Hello there.

I have a B.A. in Philosophy and I want to go back to school in medicine. I'll
need to complete all the basic science requisites before entering into medical
school. Do you know of programs that exist for a post-baccalaureat who is
working full-time. Have you heard of any 'evening' tracks for people in my
predicament.

Please respond if you get a chance.

Thanks,

Tom

------07/15/99------
A ''post-bac'' program is essentially a premed advisor and a group of classes
and tests that do not conflict with each other. Some schools advertise their
''program'' and others do not, but these schools may still offer courses that
will fit your needs. For example, here in Miami the University of Miami
offers a post-bac program, but it is during the day. I have never heard of
Florida International University mentioning a post-bac program, but since
they cater to older students they offer a lot of evening classes. What you
need to do is to do some research. The internet would be my choice, but much
the same information can be obtained on paper in a library. You will often
obtain only partial information, but based on this information you can
decide to write, call, or email for additional information. What you want to
find is an institution that not only meets your needs, but also maximizes
your chance of entering medical school. Finally, if you can find a premed
advisor who has been in the job for ten years or more, talk to them first
before you start your search, that should save you considerable time. Good
luck.

-Rich

 

[IX]
Dear Rich:

I have been in your site and over looking what you have. I am a physician
assistant and graduated 1998. I am seriously looking to go to medical
school. The one thing is that I have not taken organic chem. or physics.
Without these courses is it possible to get a 26 or higher on the MCAT? I
work full-time in a surgery group and I am not sure if I could take a course
at night. I know that if this is what I want I need to make sacrifices. I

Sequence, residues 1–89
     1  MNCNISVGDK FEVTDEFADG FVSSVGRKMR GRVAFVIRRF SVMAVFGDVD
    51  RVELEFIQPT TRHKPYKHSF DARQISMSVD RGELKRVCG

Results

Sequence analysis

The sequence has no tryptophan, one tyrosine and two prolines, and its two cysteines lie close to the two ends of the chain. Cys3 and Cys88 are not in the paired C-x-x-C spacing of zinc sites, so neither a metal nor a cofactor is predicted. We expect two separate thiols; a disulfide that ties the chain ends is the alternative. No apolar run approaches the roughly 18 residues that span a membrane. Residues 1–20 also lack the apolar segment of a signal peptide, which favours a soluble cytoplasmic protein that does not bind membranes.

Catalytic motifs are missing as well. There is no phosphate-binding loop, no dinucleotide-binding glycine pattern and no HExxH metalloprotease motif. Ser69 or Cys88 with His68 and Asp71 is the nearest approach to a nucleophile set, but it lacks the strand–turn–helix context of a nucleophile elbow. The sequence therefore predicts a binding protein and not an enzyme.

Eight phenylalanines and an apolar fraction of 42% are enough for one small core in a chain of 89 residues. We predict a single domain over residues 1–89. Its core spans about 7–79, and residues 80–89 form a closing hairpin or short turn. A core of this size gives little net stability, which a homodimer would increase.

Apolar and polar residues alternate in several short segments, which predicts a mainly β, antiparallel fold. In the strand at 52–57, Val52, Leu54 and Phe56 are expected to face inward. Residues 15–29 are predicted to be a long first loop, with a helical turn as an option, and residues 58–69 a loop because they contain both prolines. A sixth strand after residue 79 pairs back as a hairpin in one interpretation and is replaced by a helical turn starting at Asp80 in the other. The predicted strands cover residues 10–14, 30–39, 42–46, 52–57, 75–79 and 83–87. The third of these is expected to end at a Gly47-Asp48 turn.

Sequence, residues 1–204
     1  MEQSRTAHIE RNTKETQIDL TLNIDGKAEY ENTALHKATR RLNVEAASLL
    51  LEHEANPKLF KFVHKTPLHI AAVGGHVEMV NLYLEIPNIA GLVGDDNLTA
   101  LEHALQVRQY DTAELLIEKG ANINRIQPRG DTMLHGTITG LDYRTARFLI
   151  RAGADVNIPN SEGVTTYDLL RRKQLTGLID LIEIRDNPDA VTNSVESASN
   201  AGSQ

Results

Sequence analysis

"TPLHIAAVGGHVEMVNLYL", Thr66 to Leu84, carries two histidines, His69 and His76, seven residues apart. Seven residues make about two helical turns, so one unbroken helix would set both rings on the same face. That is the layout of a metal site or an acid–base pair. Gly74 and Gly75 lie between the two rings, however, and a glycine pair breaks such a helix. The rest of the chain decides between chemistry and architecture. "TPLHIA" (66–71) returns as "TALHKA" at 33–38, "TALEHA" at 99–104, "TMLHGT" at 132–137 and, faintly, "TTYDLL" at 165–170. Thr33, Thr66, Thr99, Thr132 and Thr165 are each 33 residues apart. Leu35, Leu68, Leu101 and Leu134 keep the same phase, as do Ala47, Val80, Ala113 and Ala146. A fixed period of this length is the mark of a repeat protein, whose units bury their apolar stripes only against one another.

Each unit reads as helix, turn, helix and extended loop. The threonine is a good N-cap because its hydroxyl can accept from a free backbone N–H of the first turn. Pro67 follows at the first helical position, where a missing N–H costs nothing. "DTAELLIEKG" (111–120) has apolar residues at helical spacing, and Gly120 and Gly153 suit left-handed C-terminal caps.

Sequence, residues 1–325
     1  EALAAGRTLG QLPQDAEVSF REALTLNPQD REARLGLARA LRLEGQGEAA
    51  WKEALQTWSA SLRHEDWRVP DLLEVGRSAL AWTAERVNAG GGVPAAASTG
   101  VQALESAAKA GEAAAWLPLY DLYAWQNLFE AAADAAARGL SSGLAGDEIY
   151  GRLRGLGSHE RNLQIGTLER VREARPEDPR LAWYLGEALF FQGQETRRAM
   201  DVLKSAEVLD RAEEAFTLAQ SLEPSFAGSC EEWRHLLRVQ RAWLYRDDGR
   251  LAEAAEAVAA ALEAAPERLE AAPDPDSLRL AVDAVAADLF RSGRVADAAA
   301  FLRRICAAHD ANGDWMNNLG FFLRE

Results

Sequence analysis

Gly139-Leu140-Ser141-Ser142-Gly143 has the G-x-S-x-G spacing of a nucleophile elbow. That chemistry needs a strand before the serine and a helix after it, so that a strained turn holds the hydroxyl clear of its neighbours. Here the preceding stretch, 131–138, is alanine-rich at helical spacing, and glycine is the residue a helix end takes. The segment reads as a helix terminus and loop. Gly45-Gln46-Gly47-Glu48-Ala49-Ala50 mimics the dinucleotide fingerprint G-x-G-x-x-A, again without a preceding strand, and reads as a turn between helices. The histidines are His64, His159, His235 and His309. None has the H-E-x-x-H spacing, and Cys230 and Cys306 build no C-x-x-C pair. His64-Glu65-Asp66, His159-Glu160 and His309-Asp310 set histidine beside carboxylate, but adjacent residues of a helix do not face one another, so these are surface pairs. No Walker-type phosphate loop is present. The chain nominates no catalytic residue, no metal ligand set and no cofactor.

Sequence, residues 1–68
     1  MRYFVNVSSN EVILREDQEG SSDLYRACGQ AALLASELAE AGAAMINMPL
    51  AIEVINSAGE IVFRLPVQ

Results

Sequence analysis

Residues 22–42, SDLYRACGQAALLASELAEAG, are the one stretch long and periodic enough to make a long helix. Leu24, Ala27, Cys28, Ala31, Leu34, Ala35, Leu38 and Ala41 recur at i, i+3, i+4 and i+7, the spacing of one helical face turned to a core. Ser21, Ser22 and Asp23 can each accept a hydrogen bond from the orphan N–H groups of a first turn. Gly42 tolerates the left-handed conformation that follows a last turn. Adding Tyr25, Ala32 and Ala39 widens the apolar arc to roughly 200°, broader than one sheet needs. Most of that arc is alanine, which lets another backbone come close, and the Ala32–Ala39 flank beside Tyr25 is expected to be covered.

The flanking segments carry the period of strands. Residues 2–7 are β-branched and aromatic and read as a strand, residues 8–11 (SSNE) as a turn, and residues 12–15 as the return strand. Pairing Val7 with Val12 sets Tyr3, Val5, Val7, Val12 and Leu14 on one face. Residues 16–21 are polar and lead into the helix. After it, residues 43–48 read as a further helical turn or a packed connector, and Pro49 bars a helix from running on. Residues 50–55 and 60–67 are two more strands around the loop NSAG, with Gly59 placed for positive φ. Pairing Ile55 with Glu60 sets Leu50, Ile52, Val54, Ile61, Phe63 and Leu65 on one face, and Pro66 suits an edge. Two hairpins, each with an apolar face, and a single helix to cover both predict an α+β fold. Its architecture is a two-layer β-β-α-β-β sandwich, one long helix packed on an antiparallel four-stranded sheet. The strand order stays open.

just can't do it right now and I am not getting any younger. With a review
course is it possible? If so, when are they? I live in Miami too.

Please help! Any advice is helpful.
Julie

------07/15/99------

I understand your concerns regarding ''not getting any younger'', but review
courses, no matter how good the course and the teacher, cannot substitute
for organic and physics classes. Review courses are designed to review, not
to teach. I would guess the odds of making a 26, with or without a review
course, to be significantly less than one in twenty. I'm sorry its not what
you wanted to hear, but unless you are extremely gifted in these areas, the
odds are not in your favor.

-Rich

 

[X]
> Dear Rich:
> I am kind of in a bind about my app, and I want to know if I would have
> better luck playing craps in Vegas than med school. Oh, I am applying for
> the first time. I just sent off my AMCAS application on July 15. It took me
> so long to get the money, I never felt so poor. The thing is this: I feel so
> shaky about it being gone. Did I do everything right? My school (I graduated
> in May) was ABSOLUTELY NO HELP WHATSOEVER! I felt like I was drowning and no
> one threw a LifeSaver. The pre-med committee made it a point to take out a
> can of verbal whop-ass on anyone who didn't have a 4.0 . I went at it alone:
> I went to Lucent freshman year and did some webpage designs, got laid off
> (I'm 18 and I got laid off, mergers....) I went to U of Cinn. in OH
> sophomore year and did environmental work (Clean up the Ohio river near
> Applachia) I went to CWRU junior year and did some shadowing throught MMEP,